Edition: January 2021

By: Thomas Ray Garcia

Despite the passage of the Civil Rights Act, many Texas towns remained segregated along racial and socioeconomic lines in the 1970s. The City of Pharr, incorporated in 1916, was divided by the railroad tracks on what is now U.S. 83 Business: Most affluent Anglos lived on the south side and most poor Mexicans and African-Americans lived to the north, an area that suffered from a lack of basic resources and poor infrastructure…

By: Chuy Ramirez

In February, 1971, violations of a person’s civil rights could have been redressed through a federal cause of action now popularly referred to as a “section 1983 cause of action”.[1]  But Manuel Mata was not aware of his rights when a City of Pharr, Texas police officer gave him a beating and broke two of his ribs.  Twenty-four year old Guadalupe Salinas suffered a similar fate, receiving severe bruises about his face.  Both had been victims, allegedly, of an police officer within the department…
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Rosie Castro
This month's Legacy Interview is Rosie Castro. Listen to her tell the story of her life in her own words.

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PUBLISHER’S NOTICE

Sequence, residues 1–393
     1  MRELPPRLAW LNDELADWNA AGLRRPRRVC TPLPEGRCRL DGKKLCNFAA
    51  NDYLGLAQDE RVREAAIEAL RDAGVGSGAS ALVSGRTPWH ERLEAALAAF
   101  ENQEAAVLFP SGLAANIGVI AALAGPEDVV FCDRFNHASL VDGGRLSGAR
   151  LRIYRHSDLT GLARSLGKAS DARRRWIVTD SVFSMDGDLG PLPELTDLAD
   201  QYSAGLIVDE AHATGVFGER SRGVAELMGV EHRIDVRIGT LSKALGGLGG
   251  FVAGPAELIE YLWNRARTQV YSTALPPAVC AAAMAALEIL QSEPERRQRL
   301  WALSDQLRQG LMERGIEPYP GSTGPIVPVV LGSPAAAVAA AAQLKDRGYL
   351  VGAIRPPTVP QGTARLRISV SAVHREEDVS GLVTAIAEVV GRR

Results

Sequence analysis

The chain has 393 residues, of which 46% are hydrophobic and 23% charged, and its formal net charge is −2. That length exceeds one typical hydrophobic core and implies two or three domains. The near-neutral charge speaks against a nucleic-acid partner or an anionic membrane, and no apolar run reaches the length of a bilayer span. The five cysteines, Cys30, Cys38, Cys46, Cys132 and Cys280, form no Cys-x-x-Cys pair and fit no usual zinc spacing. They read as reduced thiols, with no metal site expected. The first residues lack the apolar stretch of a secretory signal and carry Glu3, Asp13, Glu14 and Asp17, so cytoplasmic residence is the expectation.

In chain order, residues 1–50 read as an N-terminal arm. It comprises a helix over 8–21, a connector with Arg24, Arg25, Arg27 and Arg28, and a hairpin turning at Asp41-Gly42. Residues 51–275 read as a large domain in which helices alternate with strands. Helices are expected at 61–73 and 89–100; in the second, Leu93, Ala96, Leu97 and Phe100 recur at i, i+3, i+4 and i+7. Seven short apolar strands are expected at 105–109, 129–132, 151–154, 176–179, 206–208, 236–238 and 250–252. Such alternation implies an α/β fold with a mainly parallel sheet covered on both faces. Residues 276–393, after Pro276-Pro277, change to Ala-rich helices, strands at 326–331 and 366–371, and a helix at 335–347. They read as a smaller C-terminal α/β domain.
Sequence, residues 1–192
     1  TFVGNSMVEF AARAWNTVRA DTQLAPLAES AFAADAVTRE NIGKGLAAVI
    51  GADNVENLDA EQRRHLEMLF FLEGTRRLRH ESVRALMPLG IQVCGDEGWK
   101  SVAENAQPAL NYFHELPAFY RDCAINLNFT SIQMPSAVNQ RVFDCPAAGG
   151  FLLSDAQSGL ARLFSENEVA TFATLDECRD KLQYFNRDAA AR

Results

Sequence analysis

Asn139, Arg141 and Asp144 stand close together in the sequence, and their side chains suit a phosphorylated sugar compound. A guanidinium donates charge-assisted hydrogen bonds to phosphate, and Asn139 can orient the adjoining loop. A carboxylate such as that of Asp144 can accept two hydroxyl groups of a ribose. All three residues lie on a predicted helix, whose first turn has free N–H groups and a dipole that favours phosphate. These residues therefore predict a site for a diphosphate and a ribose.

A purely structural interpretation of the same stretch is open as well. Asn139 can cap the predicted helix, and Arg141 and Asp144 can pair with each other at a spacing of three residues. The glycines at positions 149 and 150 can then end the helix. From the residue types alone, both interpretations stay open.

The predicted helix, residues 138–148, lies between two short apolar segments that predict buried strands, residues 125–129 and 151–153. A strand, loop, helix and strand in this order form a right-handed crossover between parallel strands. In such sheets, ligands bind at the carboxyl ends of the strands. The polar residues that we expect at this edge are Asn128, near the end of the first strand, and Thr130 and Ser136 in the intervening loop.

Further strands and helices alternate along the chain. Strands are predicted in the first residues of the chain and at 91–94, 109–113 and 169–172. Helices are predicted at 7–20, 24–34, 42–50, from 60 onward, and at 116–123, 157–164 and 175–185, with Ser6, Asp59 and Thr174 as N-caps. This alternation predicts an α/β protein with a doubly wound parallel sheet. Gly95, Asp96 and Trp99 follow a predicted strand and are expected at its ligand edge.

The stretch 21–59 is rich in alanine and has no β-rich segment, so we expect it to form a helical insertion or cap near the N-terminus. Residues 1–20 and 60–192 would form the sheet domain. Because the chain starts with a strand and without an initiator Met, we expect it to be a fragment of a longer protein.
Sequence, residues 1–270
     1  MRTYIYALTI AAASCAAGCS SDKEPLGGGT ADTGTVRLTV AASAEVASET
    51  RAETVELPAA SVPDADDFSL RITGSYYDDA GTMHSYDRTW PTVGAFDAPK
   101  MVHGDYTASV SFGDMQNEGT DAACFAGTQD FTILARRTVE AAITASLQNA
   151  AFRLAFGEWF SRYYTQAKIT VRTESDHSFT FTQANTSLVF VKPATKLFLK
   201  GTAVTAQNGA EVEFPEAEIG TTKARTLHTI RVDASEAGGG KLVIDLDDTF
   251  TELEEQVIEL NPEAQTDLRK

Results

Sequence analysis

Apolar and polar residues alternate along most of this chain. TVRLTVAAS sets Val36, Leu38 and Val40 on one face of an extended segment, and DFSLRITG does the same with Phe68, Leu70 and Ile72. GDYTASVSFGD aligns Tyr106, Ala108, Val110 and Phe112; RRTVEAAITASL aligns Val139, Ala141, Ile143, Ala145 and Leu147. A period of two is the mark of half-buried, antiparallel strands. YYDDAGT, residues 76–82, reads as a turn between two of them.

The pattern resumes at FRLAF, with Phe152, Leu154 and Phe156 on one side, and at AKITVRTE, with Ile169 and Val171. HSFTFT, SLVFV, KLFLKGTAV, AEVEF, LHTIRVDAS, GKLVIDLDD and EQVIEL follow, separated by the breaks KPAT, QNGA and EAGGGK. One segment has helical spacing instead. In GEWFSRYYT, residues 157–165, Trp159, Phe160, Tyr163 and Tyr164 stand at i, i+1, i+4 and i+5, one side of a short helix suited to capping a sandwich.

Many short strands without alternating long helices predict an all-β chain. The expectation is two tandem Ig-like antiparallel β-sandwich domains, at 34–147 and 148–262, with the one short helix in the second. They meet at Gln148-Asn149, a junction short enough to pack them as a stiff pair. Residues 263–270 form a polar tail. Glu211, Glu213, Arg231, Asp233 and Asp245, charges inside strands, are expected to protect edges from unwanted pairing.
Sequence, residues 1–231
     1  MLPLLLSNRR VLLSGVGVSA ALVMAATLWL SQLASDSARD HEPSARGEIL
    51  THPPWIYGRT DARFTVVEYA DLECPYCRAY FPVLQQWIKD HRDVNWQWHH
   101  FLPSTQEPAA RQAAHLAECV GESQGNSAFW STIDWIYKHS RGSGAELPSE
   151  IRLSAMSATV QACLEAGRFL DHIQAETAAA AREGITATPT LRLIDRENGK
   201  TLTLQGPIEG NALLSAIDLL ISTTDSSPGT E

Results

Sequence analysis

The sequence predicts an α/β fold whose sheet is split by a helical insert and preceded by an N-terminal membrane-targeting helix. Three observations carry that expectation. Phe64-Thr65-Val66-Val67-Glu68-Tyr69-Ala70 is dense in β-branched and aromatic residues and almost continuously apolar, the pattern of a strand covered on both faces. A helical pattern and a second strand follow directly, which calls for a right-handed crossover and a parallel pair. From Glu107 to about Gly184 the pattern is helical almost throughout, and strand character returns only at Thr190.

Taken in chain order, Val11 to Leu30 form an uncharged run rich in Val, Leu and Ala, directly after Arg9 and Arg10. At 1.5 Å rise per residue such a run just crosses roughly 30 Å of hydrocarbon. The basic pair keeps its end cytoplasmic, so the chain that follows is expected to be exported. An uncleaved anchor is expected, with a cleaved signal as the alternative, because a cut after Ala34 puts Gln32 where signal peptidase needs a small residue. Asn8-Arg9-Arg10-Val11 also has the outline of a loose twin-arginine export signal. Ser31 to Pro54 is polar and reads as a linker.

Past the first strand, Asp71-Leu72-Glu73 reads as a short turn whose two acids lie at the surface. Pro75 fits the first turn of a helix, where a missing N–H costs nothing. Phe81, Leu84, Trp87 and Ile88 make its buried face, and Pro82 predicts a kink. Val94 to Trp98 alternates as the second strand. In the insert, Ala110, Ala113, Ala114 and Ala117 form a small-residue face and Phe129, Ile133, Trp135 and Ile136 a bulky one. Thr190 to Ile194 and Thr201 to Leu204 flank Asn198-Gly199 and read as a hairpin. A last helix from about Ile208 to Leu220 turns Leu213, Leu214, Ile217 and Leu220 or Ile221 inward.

The July 2021 edition of IberoAzltan will be our seventh. We had projected publication of six editions which would be focused primarily on an interview project which we began in 2017, called the Chicana/o Legacy Project. The interest in and support for IberoAztlan was Unexpected.

Rather than ceasing publication as originally intended, we are offering to transfer all publisher’s rights, powers, and legal authority to anyone (individually or otherwise) who has the interest and wherewithal to carry on the project.  The purchase price is $1.00, and the consideration and conditions are negotiable.

Viva Chihuahua!

2:00 p.m., MST August 26, Broadcast from the US-Mexico Border

View the Borderland Saga through the lens of those who embody the Frontera experience in words and image. The program includes talks by UTEP political science professor Dr. Kathleen Stoudt; history professor Dr. Yolanda Leyva; studio visits with Antonio Castro, Oscar Moya, Jacob Muñoz, and Mark Clark; a reading by poet activist Margo Tamez; and, a short film “Seven String Barbed Wire Fence” by David DeWitt and Diana Molina

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